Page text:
“Wrest!” Wier shouted for the hundredth time. They passed groups clinging together under hulls, but nobody looked up. Alta wiped the spyglass on her cloak, then on Wier’s–but by the time she could point the lens at anything, it was again too rain-slicked to use.
“I can’t see him,” she said. “Does he know?”
“He has to.” Wier led her through an alleyway of ships, heading seaward. “He’s got to come hide here with us.”
She and Wier had done their job, leading everyone as far as possible from the blurry oval shadow cut out of the sky–but they hadn’t uncoiled half the fleet before the clouds burst and the attack hit all at once. In the confusion, several vessels had moored within shouting distance of Wrest’s rearguard.
“Shut up!” What ships were in danger? She couldn’t tell if the craft kept moving.
“He’s not doing anything. He’s not going to come back.”
“Of course he is.” Alta emerged through a gap near the front of the fleet, but Wier wasn’t with her. He slumped in the damp hollow under a schooner’s blade.
She ran back and shook him. “We need to figure out where the wave’s going to hit.”
“Wrest has a plan.” Wier’s eyes glistened. “He knows what to do. What is he wasting time for?” He jumped up, snorting. “Alta, what’s wrong with him?”
“What’s wrong with you?” Alta shoved him. “He’s fighting for us. We have to help him too. Ships’ll get hit by the water if we don’t warn them.”
“He told us to protect them.”
Then Wier wasn’t crying anymore. His eyes had gone wide, looking over her. “What about that?”
Alta saw a shape in the storm, paces ahead of them. “Oh no. No!”
She started running. Wier ran after her. The ship they headed toward must not have known where it was–wherever the manatees went, it was in a gully near the city, certain to be capsized.
The ship’s bowsprit pointed away from the sea. A gaggle of merchants’ kids huddled on the cabin top. Wiping his eyes, Wier blazed past Alta and yelled. “Hey, idiots! Get off! The manatees are coming!”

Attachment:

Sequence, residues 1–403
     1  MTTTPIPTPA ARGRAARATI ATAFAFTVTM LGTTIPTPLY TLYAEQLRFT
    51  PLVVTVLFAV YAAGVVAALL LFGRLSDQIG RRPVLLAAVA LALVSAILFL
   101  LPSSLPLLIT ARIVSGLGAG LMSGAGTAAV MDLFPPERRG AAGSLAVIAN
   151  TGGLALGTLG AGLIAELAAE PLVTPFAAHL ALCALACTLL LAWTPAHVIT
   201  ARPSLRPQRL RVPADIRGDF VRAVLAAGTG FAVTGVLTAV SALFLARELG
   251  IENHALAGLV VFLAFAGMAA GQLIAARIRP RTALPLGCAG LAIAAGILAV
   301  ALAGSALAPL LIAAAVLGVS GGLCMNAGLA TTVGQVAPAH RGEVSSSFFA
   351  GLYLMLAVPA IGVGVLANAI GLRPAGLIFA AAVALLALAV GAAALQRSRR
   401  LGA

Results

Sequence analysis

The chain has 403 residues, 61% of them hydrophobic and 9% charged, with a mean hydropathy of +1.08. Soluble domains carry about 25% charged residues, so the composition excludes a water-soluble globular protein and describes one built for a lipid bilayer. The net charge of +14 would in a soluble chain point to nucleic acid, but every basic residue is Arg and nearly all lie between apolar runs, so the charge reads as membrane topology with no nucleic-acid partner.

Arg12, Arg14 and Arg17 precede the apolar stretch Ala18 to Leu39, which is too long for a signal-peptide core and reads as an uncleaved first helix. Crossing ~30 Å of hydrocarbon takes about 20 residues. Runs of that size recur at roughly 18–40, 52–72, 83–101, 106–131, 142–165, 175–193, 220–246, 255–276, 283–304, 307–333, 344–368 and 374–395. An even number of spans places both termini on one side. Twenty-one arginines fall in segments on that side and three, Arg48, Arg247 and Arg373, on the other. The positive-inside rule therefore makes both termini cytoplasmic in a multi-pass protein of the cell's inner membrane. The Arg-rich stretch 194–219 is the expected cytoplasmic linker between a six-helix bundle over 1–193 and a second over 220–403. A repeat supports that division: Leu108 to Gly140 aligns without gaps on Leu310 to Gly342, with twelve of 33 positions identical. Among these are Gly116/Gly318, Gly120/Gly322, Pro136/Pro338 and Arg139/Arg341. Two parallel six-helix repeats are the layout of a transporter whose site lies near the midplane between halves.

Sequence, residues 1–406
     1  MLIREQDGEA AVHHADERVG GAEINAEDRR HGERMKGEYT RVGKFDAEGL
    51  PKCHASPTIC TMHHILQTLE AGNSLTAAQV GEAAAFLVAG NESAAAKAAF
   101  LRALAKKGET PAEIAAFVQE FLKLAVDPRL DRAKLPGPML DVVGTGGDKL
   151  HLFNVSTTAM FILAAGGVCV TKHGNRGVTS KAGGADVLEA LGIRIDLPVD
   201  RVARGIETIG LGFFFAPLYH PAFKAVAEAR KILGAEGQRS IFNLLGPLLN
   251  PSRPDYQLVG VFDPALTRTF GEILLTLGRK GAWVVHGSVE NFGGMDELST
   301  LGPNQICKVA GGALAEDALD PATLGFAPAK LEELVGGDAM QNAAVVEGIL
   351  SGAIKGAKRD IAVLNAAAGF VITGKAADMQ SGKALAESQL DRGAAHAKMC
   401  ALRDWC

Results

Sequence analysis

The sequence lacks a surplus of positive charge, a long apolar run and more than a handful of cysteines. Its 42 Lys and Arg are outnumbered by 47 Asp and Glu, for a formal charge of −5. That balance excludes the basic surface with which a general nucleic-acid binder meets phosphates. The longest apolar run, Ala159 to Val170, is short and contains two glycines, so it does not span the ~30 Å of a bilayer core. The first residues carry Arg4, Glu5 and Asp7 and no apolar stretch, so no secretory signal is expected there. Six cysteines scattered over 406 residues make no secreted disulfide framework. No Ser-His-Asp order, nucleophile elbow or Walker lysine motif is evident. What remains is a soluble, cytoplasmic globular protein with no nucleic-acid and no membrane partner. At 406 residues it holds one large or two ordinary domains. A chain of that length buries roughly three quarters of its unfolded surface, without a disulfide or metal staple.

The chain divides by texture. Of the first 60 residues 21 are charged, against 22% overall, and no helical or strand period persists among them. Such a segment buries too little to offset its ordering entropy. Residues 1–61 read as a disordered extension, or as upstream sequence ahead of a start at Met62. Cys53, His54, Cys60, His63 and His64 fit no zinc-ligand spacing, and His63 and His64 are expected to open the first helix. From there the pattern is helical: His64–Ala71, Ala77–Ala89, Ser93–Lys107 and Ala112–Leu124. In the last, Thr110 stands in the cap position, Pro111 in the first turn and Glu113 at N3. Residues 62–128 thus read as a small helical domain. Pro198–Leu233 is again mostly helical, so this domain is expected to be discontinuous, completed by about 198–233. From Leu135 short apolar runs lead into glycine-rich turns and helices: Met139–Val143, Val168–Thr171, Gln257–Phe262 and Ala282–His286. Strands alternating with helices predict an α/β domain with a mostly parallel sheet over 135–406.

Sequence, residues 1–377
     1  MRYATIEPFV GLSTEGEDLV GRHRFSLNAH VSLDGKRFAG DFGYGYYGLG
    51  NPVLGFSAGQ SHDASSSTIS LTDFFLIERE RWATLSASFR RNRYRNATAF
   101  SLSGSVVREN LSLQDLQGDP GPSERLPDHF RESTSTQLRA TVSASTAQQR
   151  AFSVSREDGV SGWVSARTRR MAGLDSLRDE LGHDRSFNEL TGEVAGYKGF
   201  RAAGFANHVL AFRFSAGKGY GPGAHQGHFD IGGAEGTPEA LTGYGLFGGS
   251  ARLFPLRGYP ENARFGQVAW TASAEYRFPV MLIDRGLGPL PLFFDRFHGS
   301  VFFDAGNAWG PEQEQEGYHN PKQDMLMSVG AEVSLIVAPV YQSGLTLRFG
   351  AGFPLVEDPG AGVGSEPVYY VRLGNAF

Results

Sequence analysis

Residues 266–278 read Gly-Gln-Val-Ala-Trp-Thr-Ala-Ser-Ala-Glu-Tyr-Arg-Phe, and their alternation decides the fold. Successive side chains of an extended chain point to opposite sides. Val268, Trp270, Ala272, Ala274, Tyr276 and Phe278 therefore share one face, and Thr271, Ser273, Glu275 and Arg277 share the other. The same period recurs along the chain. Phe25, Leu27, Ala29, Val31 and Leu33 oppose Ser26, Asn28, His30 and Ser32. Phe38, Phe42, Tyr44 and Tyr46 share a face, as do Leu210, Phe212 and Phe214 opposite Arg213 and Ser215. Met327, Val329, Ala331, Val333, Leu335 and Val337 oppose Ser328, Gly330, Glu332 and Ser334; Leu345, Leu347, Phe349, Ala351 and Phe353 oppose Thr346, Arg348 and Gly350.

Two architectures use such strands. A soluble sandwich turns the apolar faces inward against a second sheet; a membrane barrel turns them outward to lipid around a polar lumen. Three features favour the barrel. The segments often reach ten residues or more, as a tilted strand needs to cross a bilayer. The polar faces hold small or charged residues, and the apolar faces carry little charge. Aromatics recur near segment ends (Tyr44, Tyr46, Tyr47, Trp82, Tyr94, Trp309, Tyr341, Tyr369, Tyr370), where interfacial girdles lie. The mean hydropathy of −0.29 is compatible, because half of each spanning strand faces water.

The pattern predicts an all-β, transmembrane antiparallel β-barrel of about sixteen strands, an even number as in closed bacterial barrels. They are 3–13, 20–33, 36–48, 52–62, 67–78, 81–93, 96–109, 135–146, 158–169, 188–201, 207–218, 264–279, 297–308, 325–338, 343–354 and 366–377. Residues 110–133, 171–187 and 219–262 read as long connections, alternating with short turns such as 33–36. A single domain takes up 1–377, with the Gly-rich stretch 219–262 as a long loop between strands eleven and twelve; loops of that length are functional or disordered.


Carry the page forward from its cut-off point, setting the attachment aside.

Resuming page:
A scrawny girl shook her head. “They’re gonna flood everything. We wanna be on a ship. So we float.”
Alta accelerated and beat Wier to the ladder. “The wave’ll flood your hold. A ship can’t sail if it’s full of water. Or upside-down.”
“We can’t leave,” the girl said as Alta clambered onto the deck. “Our parents are inside.”
“So get them out!” came Wier’s voice from the ladder.
“You do it.” A dry-eyed boy shouldered to the front of the group.
Wier vaulted up the ladder behind Alta. “They’re not my parents.”
“What if the waves comes and I’m–ow!” The lad rubbed his skull in confusion, staring at Alta, who brandished her spyglass. “You hit me.”
“I’ll do it again.”
“You can’t come here and–ow!” Alta hit him again. Wier clenched his claws. “Get your clan out on the deck, or I’ll keep hitting him.”
“Maybe one more time?” the girl asked.
“You’re next,” Alta warned her.
Wier concealed a sniffle and pointed to the back. “I’ll hit that half.”
Several children, panicked eyes flitting between the children and the watercraft, headed for the cabin.
Their parents were not happy about being dragged into the chill storm on a flimsy pretext from their children. Their expressions melted when Alta, Wier, and the others pointed out the watercraft advancing over empty beach. The manatee forward guard was giving way gradually, like thick sludge sloughing off a roof.
Alta let them draw their own conclusions about how much trouble they were in. She and Wier jumped ship. The children followed, their families had no choice but to come after, and soon the belly of the ship was empty.
“How d’you expect us to move her?” demanded one father, who shielded the scrawny girl with an arm. “Got a displacement like a mining truck.”
“How do you know?” Alta asked.
“I built her!”
Everything made sense. The girl spoke for the children because her father owned the ship. “Can we pull?”
The man nodded. “Let her lines down, they could take the weight. Wove ‘em myself.” He looked up at his ship with pride, and hugged his daughter closer. “But like I said, she ain’t light.”
“Doesn’t matter! Do it!” Wier had remained calm for an admirably long time, but his voice cracked with hysteria at the sight of the watercraft squatting over the sand–halfway between the sea and the Clearing, where Wrest had taken his troops. Alta told herself he’d fallen back, as fear nagged there was no sign of him. Be strong for Wier.
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